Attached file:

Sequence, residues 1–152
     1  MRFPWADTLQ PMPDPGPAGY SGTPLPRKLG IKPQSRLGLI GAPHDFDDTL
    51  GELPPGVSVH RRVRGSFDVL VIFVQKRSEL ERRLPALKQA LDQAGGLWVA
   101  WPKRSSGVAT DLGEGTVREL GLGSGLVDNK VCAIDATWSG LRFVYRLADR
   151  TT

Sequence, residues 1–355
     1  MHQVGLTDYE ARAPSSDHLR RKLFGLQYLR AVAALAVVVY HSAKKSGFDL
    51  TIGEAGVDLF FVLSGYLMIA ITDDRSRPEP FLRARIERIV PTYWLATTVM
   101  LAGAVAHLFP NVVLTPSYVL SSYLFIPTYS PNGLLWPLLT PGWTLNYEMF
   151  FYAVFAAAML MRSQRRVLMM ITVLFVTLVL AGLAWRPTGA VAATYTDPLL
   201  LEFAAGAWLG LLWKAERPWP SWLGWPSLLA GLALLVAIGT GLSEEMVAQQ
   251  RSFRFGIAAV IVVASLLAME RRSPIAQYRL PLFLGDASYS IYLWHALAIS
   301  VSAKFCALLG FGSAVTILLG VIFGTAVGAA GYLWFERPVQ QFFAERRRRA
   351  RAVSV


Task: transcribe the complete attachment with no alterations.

Sequence, residues 1–152
     1  MRFPWADTLQ PMPDPGPAGY SGTPLPRKLG IKPQSRLGLI GAPHDFDDTL
    51  GELPPGVSVH RRVRGSFDVL VIFVQKRSEL ERRLPALKQA LDQAGGLWVA
   101  WPKRSSGVAT DLGEGTVREL GLGSGLVDNK VCAIDATWSG LRFVYRLADR
   151  TT

Sequence, residues 1–355
     1  MHQVGLTDYE ARAPSSDHLR RKLFGLQYLR AVAALAVVVY HSAKKSGFDL
    51  TIGEAGVDLF FVLSGYLMIA ITDDRSRPEP FLRARIERIV PTYWLATTVM
   101  LAGAVAHLFP NVVLTPSYVL SSYLFIPTYS PNGLLWPLLT PGWTLNYEMF
   151  FYAVFAAAML MRSQRRVLMM ITVLFVTLVL AGLAWRPTGA VAATYTDPLL
   201  LEFAAGAWLG LLWKAERPWP SWLGWPSLLA GLALLVAIGT GLSEEMVAQQ
   251  RSFRFGIAAV IVVASLLAME RRSPIAQYRL PLFLGDASYS IYLWHALAIS
   301  VSAKFCALLG FGSAVTILLG VIFGTAVGAA GYLWFERPVQ QFFAERRRRA
   351  RAVSV